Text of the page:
Tuesday, September 05, 2006

Drive, he said

…Daniel Akst, writing in the Wall Street Journal (Sept 1, 2006), asks if you have driven cross-country lately? This is a soul, not health issue. Or is it?

…HA comes from the tradition of the family driving vacation. Do people still take those? Three weeks on the road, begging for swimming pool motels, buffeted all day by hot wind (before a/c, HA is old), fights over whether kids could order a meal or had to share.

..Weird adventures…bobbing in Salt Lake, where you can’t go under and your nether parts sting with salt. Dipping a toe in the ice water of Lake Superior. Swimming in another icy body of water outside a lodge in the Rockies—then returning to find the hotels had been kicked out of the national park and the lake was just a lake surrounded by pines.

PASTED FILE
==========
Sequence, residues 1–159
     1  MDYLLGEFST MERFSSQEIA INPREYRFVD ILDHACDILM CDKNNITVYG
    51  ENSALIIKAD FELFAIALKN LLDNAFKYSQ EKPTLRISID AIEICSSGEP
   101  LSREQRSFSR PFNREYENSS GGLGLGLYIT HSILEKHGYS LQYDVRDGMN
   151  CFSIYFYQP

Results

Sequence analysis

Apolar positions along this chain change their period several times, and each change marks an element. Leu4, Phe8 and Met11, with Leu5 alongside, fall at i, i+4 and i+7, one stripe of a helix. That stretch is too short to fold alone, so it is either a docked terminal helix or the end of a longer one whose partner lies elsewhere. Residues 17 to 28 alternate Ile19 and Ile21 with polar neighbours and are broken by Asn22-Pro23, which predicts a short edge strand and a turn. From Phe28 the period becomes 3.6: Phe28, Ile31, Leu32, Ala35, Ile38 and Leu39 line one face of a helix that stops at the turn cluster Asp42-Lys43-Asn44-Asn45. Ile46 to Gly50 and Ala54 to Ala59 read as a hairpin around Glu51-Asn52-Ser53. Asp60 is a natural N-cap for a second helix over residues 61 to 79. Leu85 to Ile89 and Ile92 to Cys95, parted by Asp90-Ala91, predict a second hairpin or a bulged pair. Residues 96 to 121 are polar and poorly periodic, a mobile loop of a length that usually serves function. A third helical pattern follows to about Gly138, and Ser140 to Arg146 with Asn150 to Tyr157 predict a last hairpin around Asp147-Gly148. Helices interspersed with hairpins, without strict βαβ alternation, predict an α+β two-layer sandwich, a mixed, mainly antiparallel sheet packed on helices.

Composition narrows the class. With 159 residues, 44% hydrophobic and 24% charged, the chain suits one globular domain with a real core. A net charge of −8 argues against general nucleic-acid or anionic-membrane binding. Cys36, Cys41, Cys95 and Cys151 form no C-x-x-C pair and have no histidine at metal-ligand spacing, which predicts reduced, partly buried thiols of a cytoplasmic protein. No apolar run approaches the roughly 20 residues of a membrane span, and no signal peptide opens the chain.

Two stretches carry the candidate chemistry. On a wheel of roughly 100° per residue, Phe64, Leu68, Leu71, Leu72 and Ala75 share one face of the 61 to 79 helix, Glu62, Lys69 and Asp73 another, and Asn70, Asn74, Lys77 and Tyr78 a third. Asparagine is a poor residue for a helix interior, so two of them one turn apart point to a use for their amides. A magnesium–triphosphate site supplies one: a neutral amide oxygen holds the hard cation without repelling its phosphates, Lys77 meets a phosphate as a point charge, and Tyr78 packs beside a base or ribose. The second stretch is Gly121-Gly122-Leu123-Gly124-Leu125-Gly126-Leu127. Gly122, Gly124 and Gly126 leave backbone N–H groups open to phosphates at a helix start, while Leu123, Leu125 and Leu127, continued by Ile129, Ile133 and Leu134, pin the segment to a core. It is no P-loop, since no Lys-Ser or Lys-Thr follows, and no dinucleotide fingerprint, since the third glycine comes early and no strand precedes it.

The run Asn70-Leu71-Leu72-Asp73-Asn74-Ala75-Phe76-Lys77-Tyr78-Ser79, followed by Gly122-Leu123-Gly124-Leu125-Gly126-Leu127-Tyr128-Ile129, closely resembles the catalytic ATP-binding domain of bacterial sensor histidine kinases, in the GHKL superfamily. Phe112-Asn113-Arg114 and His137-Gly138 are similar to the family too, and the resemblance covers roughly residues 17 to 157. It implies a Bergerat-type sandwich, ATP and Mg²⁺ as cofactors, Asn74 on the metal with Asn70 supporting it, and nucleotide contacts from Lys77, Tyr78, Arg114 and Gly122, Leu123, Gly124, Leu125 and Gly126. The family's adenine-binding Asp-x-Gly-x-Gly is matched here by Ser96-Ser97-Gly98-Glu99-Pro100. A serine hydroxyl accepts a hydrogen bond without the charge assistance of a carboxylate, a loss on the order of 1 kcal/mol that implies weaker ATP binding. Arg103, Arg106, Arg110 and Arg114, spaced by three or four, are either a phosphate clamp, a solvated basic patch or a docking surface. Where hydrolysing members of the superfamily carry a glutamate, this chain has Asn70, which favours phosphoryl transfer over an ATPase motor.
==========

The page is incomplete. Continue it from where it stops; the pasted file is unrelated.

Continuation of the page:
…HA also remembers shouting out Burma Shave signs and begging to see “The Biggest Bull in the World,” which was advertised for hundreds of miles. When Pater Familias relented—it was a dusty cow in a pen, perhaps not even male (HA wasn’t into checking in those days).

…Akst says don’t let cross-country driving go the way of the Atlantic crossing.

…Thelma & Louis, Jack Kerouac, Route 66…the romance is still there. It is not all McDonalds.

…It’s a balance between wonder and exhaustion, Akst writes.

…Even though it’s September, with that built-in back to school rush, we need to remember to stop and smell the coffee…

…Er, joe. Served by a waitress named Mabel with her name on her pocket.


twobuyfour said...

What a wonderful little rememberance you had today. That's quite unlike your normal posts. I do believe that a healthy soul is key to a healthy body, and vice versa.

Star said...

I agree. My mother also used to diet constantly in those days and at one diner, ordered cottage cheese with chocolate sauce. "We have cheesecake," the waitress shot back, "I could put some gravy on it."